Archbishop Bernard Hebda of Saint Paul and Minneapolis said Wednesday there are no plans for additional parish appeals to fund a proposed $210 million settlement for victims of clergy sexual abuse.
In a June 27 radio interview with MPR News, Hedba told host Kerri Miller that most of the settlement money - $170 million - would come from the archdiocese’s insurance and from money already collected from parish appeals.
Parishes will likely not be responsible for the remainder of the money, he said, though some have voluntarily given donations.
"It's not like we're going to be making an additional appeal — at least at this point, that's not part of the plan," he told MPR News. "Certainly, we've already been hearing from people that desire to be part of this, who recognize the responsibility of the church at large for the situation."
After more than two years’ deliberation, the $210 million settlement was announced by the archdiocese in May, and includes a plan for abuse compensation as well as for bringing the archdiocese out of bankruptcy. The amount is an increase of more than $50 million from the proposal that the archdiocese had originally submitted.
In January 2015, the archdiocese had filed for bankruptcy, saying many abuse claims had been made possible under Minnesota legislation that opened a temporary window for older claims to be heard in civil court.
The initial plan proposed by the archdiocese included $156 million for survivors who filed claims. That plan would have drawn about $120 million in insurance settlements and $30 million from the archdiocese and some of its parishes. Victims’ attorneys said it was inadequate and did not include insurers and parishes sufficiently.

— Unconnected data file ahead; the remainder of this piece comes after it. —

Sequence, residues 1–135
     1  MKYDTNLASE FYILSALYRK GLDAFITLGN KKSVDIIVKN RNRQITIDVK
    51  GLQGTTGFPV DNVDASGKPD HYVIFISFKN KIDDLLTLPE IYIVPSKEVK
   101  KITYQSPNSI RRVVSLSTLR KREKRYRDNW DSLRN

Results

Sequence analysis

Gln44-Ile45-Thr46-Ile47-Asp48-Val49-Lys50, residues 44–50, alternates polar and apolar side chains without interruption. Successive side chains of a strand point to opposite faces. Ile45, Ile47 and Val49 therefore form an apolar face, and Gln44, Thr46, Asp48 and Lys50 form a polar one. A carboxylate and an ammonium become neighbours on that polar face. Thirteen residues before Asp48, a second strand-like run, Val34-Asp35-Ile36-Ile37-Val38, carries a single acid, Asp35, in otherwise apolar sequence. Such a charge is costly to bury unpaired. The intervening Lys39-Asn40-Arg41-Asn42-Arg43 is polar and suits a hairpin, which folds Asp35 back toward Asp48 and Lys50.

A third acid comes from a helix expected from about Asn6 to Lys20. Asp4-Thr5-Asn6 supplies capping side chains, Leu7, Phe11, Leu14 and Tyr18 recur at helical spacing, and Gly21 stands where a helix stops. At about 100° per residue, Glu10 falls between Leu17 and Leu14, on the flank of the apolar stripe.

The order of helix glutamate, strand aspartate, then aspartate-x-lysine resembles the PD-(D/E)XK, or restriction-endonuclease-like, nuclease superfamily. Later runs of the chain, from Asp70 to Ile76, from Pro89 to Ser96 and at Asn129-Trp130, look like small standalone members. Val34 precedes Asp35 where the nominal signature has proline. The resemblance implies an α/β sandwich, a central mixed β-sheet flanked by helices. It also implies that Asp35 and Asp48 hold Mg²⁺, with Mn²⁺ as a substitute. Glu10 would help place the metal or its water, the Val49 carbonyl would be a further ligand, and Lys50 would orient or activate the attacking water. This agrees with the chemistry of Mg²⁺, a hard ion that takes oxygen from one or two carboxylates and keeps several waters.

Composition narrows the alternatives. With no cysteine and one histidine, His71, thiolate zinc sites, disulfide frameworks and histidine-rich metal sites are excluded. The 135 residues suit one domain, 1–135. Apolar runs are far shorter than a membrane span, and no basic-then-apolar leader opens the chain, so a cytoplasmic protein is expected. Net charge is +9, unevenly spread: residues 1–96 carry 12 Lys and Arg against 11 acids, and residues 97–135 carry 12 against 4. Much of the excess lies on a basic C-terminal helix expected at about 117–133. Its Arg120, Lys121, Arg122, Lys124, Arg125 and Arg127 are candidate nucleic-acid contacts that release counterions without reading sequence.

In January 2018, a federal bankruptcy judge ordered a return to mediation for all the parties involved.
Under the final plan, the majority of the money — about $170 million — comes from insurance carriers for the archdiocese and individual parishes. The other $40 million will come from diocesan and parish sources, such as cash-on-hand and the sale of interests in land.
Hebda told MPR News that while some Catholics are angry about the settlement, there are many “wonderful Catholic lay people” who are supportive of the archdiocese and are committed to helping the Church do better in the future when it comes to sexual abuse.
He also noted that the archdiocese has improved the way in which it addresses allegations, including the establishment of a review board that includes members who have survived past clergy abuse.
"Any time that there's any allegation that would come into the archdiocese, not only do we involve law enforcement, but we would also involve that review board," he told MPR. "The opportunities for anything other than transparency are minimal."